In recent years, the Society has struggled financially. From 2002 to 2011, the Society overspent its budget by US$250 million and from 2005 until 2014, it has had five different presidents. Some of the problems began when Paul Irwin was hired as president in 2005 despite questions about his financial management while he ran that Humane Society of the United States. In 2012, Ministry Watch raised questions of the Society's fundraising practices when it found the Society spent 30% of its budget on fundraising expenses, “an amazing five times the average fundraising cost ratio of ministries covered in the MinistryWatch.com database.” Staff salaries – in 2011 totaling $29 million for 220 employees, an average of $130,000 per employee, with at least 10 senior staffers making more than $200,000 – also raised questions for the New York City-based organization. In 2014, the Society hired Roy Peterson as president following the firing of Doug Birdsall, whom it hired just a few months previously in October 2013.
In the aftermath of the September 11 attacks, ABS distributed more than one million Scriptures and offered downloadable portions free of charge to those affected by the tragedy. It has also maintained its commitment to military, including producing a pocket-sized military Bible, developed jointly with the aid of Catholic and Protestant chaplains from all branches of the armed forces. It has also provided Scriptures to victims of natural disasters.
Following the tsunami in 2004, ABS worked in cooperation with the United Bible Societies and partner Bible Societies in Thailand, Indonesia, India and Sri Lanka to provide a host of Bible resources to people in the affected regions. In 2005, it sent nearly a million Bibles and Scripture portions to those who survived the devastation of Hurricane Katrina. ABS has formed a partnership with Habitat for Humanity to give a free Bible to each of its new homeowners in the United States.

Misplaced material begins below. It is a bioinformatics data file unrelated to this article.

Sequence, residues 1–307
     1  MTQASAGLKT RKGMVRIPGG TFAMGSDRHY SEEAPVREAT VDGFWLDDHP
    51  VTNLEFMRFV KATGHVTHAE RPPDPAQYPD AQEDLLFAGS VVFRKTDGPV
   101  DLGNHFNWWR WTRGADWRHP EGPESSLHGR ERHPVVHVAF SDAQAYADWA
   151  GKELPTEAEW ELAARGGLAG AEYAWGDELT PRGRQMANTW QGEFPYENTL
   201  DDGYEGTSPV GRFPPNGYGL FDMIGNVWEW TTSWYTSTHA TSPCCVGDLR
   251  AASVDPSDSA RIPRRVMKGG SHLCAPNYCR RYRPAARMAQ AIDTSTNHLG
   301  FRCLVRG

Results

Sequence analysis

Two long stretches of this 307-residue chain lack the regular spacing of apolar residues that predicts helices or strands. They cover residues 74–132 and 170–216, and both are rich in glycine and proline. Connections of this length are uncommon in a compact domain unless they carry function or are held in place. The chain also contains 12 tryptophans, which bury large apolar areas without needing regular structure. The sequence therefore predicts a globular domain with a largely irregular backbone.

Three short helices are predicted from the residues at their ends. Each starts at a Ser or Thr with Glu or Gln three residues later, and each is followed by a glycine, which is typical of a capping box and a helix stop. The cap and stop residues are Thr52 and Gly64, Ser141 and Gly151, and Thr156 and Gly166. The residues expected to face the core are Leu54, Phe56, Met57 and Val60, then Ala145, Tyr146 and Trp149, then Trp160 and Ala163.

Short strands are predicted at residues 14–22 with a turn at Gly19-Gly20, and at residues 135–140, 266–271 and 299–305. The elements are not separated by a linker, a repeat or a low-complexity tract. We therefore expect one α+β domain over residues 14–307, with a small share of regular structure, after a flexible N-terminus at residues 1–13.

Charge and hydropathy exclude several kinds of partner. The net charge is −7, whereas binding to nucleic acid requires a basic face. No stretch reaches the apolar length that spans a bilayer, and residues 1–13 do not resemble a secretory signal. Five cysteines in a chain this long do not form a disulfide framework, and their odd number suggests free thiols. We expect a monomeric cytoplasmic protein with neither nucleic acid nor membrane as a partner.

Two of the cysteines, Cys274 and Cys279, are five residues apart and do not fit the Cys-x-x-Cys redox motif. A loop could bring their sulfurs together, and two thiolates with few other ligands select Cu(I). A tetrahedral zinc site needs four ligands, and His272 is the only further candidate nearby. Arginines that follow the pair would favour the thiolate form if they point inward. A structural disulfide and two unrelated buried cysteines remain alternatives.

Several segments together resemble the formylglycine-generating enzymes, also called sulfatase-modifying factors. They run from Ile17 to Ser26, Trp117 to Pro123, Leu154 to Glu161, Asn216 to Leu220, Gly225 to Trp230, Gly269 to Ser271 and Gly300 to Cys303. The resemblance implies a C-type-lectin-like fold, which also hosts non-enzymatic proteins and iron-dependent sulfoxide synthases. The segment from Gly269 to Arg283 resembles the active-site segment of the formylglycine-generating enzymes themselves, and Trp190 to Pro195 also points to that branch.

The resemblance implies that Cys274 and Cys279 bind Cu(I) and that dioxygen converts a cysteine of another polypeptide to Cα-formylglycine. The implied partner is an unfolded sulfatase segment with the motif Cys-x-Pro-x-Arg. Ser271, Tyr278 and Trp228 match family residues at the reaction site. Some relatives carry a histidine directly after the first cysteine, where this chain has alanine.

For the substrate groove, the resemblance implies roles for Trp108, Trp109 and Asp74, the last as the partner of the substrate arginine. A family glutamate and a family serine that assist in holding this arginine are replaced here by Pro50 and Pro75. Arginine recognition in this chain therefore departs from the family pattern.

In 2010, ABS launched a new Bible Search tool, an ad-free web engine that searches across ten translations of the Bible and targets the "Bible curious" and Protestant, Catholic and Orthodox believers.
In 2014, ABS contracted with ICANN to operate the .BIBLE TLD Registry. The availability of .BIBLE domain names will accelerate global online Bible engagement. The first site to launch was American.Bible in September 2015, which makes the message of the Bible accessible to people in a way that fits their digital lives.
In 2015, the Society announced that it had sold 1865 Broadway for US$300 million and was moving to a new location in Philadelphia, leasing 100,000 square feet at 401 Market Street. This comes at a time when the Society has been trying to reinvent itself after a decade of turmoil.
The Faith & Liberty Discovery Center is a proposed new museum on Independence Mall.
The Museum of Biblical Art, an independent but affiliated organization housed in the Society's building at 1865 Broadway, in New York, has closed.
Housed at ABS’s main headquarters is a library that houses the largest collection of Bibles in the Western Hemisphere and a number of interesting and valuable editions of ancient and historic bibles dating back as far as the Gutenberg edition, of which ABS has several pages under protection. The collection contains editions of scripture in every language, from many countries and regions and spanning nearly six centuries and is the second largest collection of religious books, with the Vatican the largest. ABS often finds and protects found scriptures, sometimes even buying them at auction. The Museum is open to the public.
In ABS’s Bible repository in South America, there are hundreds of thousands of random versions and editions of Bibles that it has collected over the years.
In its 2010 tax filing, American Bible Society lists its total revenue as $67 million (2009 $42 million) and its net assets as $436 million (2009 $384 million).
In 2014, before the US$300 million sale of its New York City headquarters building, the Society had total assets of $528 million, total revenue of $51 million and operating expenses of $83 million.